To avert a clash with the community, an organizer should start gently, with easy wins which he calls “cinch fights”. And – seemingly straight from Dale Carnegie – then let people figure out the important stuff themselves, so that they feel like they came up with it.
However, it’s hard to keep up the momentum:
Among the reasons is the simple fact that human beings can sustain an interest in a particular subject only over a limited period of time.
From the moment the tactician engages in conflict, his enemy is time. This should be kept in mind when one is considering boycotts.
He writes that one of the best things that can happen to a revolutionary is to be put in prison for a short while. It makes the organizer a martyr and focuses the movement. And Alinsky, who spend short sentences in jail himself, thinks that it’s a good place to get work done. The guards are dull and it strips away any distractions. But if you stay too long, new problems will arise and you will get out of touch. He suggests one to three months.
Overall, I recommend the book. It’s well written and compact. And it’s not as controversial as its title would have you believe. In fact,
The use of the adjective “controversial” to qualify the word “issue” is a meaningless redundancy. There can be no such thing as a “non-controversial” issue. When there is agreement there is no issue; issues only arise when there is disagreement or controversy.
It exhibits artefacts such as 1.4 million year old human tools, a Gutenberg Bible and Einstein’s manuscript of E = mc² (looking a bit like handwritten Latex), all next to contemporary art. What I liked most was a little room filled with ancient figurines of gods from many civilizations.
Interesting perspective on preferring structural (“generative”) over reduced-form (“discriminative”) models:
The mindset for many in the “data science” scene, especially in finance, is “how can I use machine learning tools to discover structure in my data?” I’d caution against this approach, advocating instead a mindset of “what structure might give rise to the data that I observe?”
And related to this by Scott Alexander on automation and artificial intelligence:
One theme that kept coming up was that most modern machine learning algorithms aren’t “transparent” – they can’t give reasons for their choices, and it’s difficult for humans to read them off of the connection weights that form their “brains”. This becomes especially awkward if you’re using the AI for something important. Imagine a future inmate asking why he was denied parole, and the answer being “nobody knows and it’s impossible to find out even in principle”.
Was a mortality rate of 3 percent per month for German fighter pilots in WW2 a lot? This is from Ferguson’s Kissinger biography (emphasis added):
By the end, the war had cost the lives of at least 5.2 million German servicemen—nearly three in every ten men mobilized—and more than 2.4 million German civilians. Total mortality approached 10 percent of Germany’s prewar population. To a remarkable extent, these casualties were inflicted in the final year of the war. More German soldiers lost their lives in the last twelve months of fighting than in the whole of the rest of the war.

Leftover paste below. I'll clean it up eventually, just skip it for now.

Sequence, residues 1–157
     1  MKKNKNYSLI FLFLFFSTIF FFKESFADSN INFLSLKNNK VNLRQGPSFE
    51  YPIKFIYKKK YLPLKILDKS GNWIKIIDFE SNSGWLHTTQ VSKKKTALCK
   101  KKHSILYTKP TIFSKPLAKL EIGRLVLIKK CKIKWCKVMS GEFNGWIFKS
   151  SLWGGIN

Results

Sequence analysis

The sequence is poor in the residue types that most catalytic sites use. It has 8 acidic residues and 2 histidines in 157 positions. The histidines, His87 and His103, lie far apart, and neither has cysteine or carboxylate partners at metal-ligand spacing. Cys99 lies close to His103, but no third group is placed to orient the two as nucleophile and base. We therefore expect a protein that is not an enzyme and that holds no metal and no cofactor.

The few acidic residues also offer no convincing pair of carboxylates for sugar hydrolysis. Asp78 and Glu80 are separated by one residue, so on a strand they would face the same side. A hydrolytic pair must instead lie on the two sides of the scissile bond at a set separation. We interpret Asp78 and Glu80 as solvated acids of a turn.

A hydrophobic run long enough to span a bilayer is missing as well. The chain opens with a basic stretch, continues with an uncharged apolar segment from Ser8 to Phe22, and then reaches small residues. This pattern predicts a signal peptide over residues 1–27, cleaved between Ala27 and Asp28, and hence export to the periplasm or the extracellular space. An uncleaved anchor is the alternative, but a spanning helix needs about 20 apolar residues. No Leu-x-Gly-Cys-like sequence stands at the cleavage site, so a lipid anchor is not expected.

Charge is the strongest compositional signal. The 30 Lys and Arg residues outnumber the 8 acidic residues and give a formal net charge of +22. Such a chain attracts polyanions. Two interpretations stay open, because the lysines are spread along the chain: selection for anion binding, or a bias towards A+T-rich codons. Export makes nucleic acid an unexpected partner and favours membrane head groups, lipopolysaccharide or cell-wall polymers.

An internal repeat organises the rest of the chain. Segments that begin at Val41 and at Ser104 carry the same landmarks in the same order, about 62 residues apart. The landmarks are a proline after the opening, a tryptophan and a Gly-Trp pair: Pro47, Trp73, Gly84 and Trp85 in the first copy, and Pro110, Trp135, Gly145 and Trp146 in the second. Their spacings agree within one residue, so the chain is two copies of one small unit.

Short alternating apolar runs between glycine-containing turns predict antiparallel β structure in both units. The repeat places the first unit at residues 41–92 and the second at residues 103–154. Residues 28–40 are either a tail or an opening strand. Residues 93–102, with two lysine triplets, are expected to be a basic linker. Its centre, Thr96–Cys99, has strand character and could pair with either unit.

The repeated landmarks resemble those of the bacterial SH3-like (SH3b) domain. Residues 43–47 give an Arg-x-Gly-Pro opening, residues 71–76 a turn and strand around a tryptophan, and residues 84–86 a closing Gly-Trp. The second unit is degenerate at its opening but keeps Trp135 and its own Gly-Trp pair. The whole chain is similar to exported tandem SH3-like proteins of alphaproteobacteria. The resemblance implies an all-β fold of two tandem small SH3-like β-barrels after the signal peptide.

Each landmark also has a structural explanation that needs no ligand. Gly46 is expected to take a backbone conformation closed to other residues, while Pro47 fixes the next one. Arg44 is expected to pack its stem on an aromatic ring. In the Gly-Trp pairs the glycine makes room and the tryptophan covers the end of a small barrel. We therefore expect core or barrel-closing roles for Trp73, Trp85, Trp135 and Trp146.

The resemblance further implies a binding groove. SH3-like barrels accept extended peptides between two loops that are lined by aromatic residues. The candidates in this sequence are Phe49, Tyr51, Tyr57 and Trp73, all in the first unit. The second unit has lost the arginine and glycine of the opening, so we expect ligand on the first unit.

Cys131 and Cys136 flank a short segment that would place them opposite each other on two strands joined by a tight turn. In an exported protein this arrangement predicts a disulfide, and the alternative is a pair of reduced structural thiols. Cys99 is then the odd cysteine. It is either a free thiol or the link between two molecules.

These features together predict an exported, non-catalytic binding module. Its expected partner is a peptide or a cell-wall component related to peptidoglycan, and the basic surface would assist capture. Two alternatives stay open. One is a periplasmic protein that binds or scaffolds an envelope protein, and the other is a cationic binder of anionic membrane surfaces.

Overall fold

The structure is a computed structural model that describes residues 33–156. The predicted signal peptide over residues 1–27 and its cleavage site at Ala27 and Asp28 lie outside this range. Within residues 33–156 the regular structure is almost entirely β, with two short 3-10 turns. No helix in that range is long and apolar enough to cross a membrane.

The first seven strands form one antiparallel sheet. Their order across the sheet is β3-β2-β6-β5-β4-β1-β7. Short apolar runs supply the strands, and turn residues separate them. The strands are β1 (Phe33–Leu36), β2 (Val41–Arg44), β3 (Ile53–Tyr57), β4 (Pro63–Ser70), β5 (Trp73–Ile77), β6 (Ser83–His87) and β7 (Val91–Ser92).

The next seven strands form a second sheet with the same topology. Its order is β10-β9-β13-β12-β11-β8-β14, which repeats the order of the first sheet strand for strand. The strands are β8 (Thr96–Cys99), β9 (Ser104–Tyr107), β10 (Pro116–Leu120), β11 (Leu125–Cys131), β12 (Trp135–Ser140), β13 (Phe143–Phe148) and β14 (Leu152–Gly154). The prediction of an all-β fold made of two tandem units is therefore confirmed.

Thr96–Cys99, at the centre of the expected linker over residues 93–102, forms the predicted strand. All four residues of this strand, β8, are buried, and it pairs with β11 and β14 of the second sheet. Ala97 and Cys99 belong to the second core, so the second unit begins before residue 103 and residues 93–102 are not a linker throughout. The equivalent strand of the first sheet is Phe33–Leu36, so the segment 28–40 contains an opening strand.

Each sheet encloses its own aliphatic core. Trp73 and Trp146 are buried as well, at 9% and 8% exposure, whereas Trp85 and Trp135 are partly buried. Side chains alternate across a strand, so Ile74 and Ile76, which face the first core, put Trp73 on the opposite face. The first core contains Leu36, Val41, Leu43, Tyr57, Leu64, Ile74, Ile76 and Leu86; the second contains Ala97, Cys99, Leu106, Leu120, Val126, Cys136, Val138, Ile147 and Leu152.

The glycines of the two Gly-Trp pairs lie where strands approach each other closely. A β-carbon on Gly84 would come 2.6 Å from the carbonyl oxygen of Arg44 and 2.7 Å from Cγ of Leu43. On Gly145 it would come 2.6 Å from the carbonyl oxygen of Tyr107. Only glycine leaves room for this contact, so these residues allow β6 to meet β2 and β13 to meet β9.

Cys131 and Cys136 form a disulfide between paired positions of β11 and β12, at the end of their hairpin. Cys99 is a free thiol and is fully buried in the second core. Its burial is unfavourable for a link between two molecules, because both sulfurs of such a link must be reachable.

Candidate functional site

My Grandma died when I was young, but in later years my Grandad told me that her parents, my great-grandparents, had gone to Canada and had promised to call for their daughters when they were settled. They never did.
afinetheorem (Kevin Bryan) breaks 7 years of “economic research only”
In the biography of S. Ramanujan “The Man Who Knew Infinity: A Life of the Genius Ramanujan” (excellent, by the way), the author Robert Kanigel describes how Ramanujan’s first published work was a little problem he posed for other mathematicians. In it, Ramanujan asks for the value this series takes:
Nobody found a solution for six months, so he supplied a more general solution himself (see here and here) and the answer is 3.
Ramanujan filled his notebooks with numerical computations and some of his statements he did not prove, but were intuitions gained from his computational experiments. So, if we didn’t know the solution, could we simulate this series to get an idea of what it’s up to?
I think this naturally lend itself to recursion, so a function that calls itself. In Matlab (repo):
And call it with:
This converges fast:
For every square root, we call iter_sqrt once. So the runtime is linear in , .
After writing this I saw that John D. Cook had written a similar post. And I found a flaw in my thinking. Because the cost for computing every element of the series is linear, but computing every consecutive element is more costly. The first element takes one calculation step, the second two and so on, so . Which means the full computation takes . Cook writes:
I don’t see how to write a different algorithm that would let you compute f(n+1) taking advantage of having computed f(n). Do you? Can you think of a way to evaluate f(1), f(2), f(3), … f(N) in less than O(N) time?
I can think of two approaches to make this faster, but both fail. First, we cannot use f(1) to calculate f(2), f(3), …, because the true value of f(1) depends on what comes after. Instead f(1) is a crude approximation to f().